Virus Warnings and Solicitations: What Should I Do?
At one time or another, you have probably been the recipient of virus warnings, promotions, or solicitation e-mail messages. If so, you have probably wondered... What should I do? Should I pass these messages along to everyone I know (as the note probably suggests), or should I simply ignore and delete them?
While some virus warnings may be legitimate, as a general rule, the vast majority of these messages are simply hoaxes. At Fort Hays State University, any valid virus warnings will come from system administrators or other staff within the Computing and Telecommunications Center. Occasionally, warnings may also be widely publicized through the news media.
So, you ask, what should I do?? The Virus Bulletin Web site provides some excellent advice on how to identify a hoax and what to do if you think a message is a hoax. Another useful feature of the site is a list of common hoaxes. Other reliable sites you can use to identify hoaxes are www.symantec.com/avcenter/hoax.html and www.techrepublic.com/blog/10things/top-10-sites-to-debunk-internet-hoaxes/1719.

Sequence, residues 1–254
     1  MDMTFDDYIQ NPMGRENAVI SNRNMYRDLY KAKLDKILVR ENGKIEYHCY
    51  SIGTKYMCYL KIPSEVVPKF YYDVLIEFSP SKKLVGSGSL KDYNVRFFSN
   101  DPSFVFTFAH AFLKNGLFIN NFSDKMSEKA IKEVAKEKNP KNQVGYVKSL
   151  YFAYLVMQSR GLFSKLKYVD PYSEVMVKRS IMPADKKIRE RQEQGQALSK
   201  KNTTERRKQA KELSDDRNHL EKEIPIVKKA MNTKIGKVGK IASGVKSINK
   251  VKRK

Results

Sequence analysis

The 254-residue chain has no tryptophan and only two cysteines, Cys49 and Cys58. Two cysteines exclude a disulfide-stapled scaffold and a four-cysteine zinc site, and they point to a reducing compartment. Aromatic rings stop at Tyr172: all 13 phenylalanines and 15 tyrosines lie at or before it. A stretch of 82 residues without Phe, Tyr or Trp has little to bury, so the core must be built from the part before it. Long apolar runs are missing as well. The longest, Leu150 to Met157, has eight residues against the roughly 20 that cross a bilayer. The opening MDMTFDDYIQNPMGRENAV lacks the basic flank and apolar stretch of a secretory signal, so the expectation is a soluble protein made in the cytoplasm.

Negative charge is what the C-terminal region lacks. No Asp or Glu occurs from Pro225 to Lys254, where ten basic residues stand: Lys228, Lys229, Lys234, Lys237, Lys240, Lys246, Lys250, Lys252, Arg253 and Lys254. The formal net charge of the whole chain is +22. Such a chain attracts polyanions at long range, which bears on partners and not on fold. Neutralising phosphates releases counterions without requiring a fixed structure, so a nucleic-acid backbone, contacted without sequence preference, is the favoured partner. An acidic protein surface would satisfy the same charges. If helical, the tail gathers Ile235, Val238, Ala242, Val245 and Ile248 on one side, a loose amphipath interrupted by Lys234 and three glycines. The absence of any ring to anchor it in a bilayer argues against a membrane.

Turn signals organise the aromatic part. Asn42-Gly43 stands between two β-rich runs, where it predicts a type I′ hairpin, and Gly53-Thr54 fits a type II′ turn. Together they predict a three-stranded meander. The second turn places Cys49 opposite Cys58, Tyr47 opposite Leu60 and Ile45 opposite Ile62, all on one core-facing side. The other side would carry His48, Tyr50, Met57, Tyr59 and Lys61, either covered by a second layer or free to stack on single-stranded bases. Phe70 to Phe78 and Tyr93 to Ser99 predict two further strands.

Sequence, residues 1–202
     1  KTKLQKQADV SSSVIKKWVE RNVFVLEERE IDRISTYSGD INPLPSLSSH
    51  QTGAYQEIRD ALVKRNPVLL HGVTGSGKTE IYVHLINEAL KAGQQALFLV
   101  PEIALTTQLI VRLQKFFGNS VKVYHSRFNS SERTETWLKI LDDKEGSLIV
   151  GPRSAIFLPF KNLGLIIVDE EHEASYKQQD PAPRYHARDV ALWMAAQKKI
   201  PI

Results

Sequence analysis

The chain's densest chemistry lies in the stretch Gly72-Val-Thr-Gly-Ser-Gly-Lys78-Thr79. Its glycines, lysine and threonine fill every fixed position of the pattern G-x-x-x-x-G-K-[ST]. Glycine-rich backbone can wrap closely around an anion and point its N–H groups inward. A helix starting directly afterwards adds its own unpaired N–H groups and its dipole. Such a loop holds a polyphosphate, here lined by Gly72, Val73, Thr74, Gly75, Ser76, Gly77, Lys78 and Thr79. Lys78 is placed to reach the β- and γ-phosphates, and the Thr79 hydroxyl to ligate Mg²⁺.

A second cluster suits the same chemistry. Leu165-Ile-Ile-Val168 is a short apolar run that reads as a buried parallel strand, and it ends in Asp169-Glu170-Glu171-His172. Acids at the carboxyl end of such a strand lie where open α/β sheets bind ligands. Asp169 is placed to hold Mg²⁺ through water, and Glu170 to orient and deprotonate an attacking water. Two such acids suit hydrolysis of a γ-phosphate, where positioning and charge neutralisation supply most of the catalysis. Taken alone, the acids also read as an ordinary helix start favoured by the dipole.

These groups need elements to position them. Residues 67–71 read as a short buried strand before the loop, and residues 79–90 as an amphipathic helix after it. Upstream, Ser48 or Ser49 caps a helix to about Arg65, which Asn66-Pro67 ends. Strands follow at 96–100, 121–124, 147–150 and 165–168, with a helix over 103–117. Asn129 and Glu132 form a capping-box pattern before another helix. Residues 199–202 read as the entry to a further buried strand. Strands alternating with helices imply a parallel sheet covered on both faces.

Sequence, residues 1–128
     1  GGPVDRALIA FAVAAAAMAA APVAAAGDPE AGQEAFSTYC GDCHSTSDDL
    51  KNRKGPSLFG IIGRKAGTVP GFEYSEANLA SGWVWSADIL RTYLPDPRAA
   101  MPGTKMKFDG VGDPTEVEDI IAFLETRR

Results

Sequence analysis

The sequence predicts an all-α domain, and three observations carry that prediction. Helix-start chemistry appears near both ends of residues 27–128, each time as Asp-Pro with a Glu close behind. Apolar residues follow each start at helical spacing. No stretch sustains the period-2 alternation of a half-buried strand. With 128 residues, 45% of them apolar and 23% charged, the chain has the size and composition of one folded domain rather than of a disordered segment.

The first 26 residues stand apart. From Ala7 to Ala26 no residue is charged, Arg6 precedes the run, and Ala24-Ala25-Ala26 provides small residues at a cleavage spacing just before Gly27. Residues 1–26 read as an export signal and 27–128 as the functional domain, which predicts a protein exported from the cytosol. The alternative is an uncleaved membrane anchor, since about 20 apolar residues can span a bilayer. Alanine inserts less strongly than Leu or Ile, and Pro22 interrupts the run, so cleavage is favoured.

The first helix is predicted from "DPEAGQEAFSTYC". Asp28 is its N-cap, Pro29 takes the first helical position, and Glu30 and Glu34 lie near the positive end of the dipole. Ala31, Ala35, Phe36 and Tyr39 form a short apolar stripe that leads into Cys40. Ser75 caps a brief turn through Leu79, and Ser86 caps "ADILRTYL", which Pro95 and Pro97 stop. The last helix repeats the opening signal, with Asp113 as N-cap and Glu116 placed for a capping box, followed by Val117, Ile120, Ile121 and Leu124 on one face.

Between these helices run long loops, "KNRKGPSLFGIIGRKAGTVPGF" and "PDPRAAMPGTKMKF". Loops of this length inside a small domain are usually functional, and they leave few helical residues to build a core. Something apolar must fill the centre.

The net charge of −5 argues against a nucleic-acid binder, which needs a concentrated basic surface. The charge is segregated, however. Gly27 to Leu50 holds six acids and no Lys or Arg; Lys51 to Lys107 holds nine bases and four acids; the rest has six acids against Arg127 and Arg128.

If you receive a warning or solicitation, do not circulate it without first checking with an authoritative source, such as one of the Web sites given above or a system administrator. In addition, most anti-virus companies publish Web pages containing information about widely known viruses and hoaxes. One key to identifying a possible hoax is that the message usually urges you to pass it along to everyone you know. A helpful phrase to remember is, "When in doubt, don't send it out."
If you investigate a virus warning and feel that it may be legitimate, do not send it to everyone you know! Forward it to the CTC HelpDesk at email@example.com. If the warning is legitimate, the CTC will then take proper action to inform any users who may be at risk.
Armed with a little education about how to identify these bogus messages, we can all help reduce the amount of "junk" mail circulating about on the Web.